Loughborough University
MPhil_dissertation_AH_corrections.pdf (3.98 MB)

LES-deduced acoustic modelling for jet noise

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posted on 2021-11-25, 15:49 authored by Alex Howlett
The ability to predict jet noise is crucial for the aviation industry, particularly in order to meet its commitments to reduce aviation noise by 65% according to ACARE 2050 targets. Therefore, in order to proceed with this objective, a comprehensive methodology for the prediction of noise and, most importantly, jet noise is required. As part of this need to predict jet noise is the ability to predict jet noise at high frequency, for example with the target of a Strouhal number (St) of 10. Aeroacoustic methods reliant on the coupling of an eddy-resolving method with an acoustic extrapolation, such as the Ffowcs Williams-Hawkings (FW-H) method, need extensive mesh resolution to resolve high-frequency acoustic pressure fluctuations in the near field. An alternative to the eddy-resolving method is the turbulent statistic acoustic modelling approach that is typically coupled with a solution from a Reynolds Averaged Navier-Stokes (RANS) simulation. Investigations, however, have found that RANS alone is unable to provide suitable turbulent statistics for more complex jets such as serrated jets. As jet nozzle design continues to increase in complexity it is important to be able to have a design methodology to robustly predict turbulent statistics for a variety of jets. Further to the limitation of turbulence modelling, RANS is unable to provide unsteady data necessary to correctly determine the coefficients required for acoustic modelling. Therefore a method of using statistics from LES is pursued to inform the acoustic model. Whilst it is simple to obtain most statistics from LES, the calculation of dissipation rate (ε) from LES is not straightforward. A potentially promising method whereby the ε turbulent transport equation using mean flow field data from an LES solution.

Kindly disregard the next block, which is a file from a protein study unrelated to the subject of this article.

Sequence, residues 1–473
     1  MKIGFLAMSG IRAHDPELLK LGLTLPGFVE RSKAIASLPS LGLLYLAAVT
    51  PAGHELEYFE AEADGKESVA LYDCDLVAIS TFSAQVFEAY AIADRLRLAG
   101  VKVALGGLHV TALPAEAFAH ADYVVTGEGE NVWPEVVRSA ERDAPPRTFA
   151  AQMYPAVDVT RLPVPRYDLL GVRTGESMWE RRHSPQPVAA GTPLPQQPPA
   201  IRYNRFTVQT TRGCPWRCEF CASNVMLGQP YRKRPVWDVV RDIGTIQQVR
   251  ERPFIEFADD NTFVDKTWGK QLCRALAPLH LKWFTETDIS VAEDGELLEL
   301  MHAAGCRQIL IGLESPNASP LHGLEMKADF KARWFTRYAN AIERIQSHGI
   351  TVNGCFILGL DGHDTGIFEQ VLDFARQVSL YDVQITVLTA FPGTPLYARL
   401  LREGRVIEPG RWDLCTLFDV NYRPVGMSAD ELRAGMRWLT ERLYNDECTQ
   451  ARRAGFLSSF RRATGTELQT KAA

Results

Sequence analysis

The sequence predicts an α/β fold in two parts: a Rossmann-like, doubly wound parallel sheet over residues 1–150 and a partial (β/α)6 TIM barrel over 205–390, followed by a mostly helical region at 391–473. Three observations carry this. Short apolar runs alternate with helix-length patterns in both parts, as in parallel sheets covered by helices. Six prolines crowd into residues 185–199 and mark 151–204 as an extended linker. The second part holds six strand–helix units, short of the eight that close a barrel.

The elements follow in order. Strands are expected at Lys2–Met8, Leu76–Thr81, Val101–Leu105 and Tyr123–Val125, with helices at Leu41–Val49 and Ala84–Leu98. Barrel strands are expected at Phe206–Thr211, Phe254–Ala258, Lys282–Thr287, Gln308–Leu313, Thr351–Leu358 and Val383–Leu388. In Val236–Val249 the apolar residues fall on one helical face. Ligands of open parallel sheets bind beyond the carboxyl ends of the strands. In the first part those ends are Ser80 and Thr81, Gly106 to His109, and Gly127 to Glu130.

This thesis therefore pursues the use of the ε informed by an LES solution in order to correctly calculate the corresponding ε in order to use turbulent statistics from LES to inform acoustic modelling. Further to this, two methods of acoustic coefficients determination shall be pursued in order to create a self-contained methodology for acoustic modelling informed by LES.
Between experimental and LES turbulent statistics there has been good agreement which is demonstrated. Further to this, the ability of the ε turbulent transport equation is demonstrated for jets with profiles using the transport equation matching directly calculated profiles. The use of two- point velocity statistics has been successfully used to determine acoustic coefficients for noise modelling. Finally, modelling results have compared favourable to experimental far-field noise data for both round and serrated jets showing superior high-frequency noise predictive capabilities to FW-H thereby demonstrating the advantages of the acoustic modelling approach.





  • Aeronautical, Automotive, Chemical and Materials Engineering


  • Aeronautical and Automotive Engineering


Loughborough University

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© Alexander Howlett

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A dissertation submitted in partial fulfilment of the requirements for the award of the degree of Master of Philosophy of Loughborough University.


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H. Xia ; G.J. Page

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  • MPhil

Qualification level

  • Masters

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